What we need from scientists

It’s hard enough to distinguish fact from fiction. Then there’s the matter of interpretation.

A few notable people in places of public responsibility still believe that climate change is a hoax. Some people, harboring suspicions most have long since laid to rest, refuse to vaccinate their children. Way too many others, ignoring statistics that connect gun ownership to accidental deaths, keep guns where children might find them. And way too many still wrangle antibiotic prescriptions from doctors who know the dangers of antibiotic overuse and the futility of treating viral diseases with antibiotics. Antiscientific behaviors are dangerous and astonishingly common.

Sara Gorman, who holds advanced degrees in English literature and public health, and medical doctor Jack Gor­man not only review the most accessible scientific evidence against several popular misconceptions but also consider the most common reasons why intelligent, educated people can be persuaded of positions that fly in the face of compelling scientific evidence. These reasons include the lure of charismatic leaders, the appeal of plausible and imaginative conspiracy theories, confirmation bias (the tendency to take in and interpret new information only in a way that confirms one’s already-existing beliefs), and a very human tendency to avoid complexity.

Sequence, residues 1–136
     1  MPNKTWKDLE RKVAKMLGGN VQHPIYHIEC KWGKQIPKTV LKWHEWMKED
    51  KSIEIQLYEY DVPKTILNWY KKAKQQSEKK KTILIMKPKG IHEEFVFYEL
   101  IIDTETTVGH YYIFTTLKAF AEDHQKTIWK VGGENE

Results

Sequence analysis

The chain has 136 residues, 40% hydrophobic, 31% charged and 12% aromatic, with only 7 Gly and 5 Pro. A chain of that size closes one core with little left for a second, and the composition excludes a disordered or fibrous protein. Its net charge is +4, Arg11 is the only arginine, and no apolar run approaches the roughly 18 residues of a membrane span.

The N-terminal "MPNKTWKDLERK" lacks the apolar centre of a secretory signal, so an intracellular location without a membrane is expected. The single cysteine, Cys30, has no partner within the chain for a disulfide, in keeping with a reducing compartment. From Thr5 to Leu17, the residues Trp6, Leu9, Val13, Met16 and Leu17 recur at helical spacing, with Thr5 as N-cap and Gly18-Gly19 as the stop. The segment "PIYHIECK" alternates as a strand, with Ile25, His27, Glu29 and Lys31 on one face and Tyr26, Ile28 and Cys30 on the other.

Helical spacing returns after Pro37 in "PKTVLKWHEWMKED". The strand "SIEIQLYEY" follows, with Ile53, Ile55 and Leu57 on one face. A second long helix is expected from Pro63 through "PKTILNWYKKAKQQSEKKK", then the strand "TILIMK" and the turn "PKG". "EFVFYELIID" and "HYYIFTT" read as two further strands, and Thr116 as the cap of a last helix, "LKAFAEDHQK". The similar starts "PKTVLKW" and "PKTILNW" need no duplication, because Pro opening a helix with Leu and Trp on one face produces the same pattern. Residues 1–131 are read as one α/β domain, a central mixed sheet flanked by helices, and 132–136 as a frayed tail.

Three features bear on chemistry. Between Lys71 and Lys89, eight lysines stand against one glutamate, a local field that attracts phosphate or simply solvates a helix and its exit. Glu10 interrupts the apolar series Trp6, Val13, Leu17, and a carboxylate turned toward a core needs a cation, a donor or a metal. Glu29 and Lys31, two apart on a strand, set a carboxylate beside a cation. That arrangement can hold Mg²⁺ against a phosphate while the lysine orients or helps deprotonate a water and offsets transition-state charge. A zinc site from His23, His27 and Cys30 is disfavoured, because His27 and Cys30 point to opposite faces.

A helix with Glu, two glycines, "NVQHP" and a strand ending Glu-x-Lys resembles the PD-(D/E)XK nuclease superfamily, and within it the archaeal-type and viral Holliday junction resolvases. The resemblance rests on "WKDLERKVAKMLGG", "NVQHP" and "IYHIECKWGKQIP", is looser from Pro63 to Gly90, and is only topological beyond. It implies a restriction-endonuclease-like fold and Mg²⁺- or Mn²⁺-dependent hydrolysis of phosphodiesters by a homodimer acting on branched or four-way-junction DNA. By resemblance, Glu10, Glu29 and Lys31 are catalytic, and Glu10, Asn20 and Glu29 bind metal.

I have to acknowledge my own susceptibility to all of the above. I was also grateful for the authors’ willingness to acknowledge the limits of scientific evidence. “In science we can never be 100% sure,” they write, though on some questions science can be “very close to totally sure.” They also acknowledge that emotional responses to perceived threats, which evolved to protect us, can be of practical use. Problems arise, though, when those “adaptive reactions are applied in maladaptive ways.”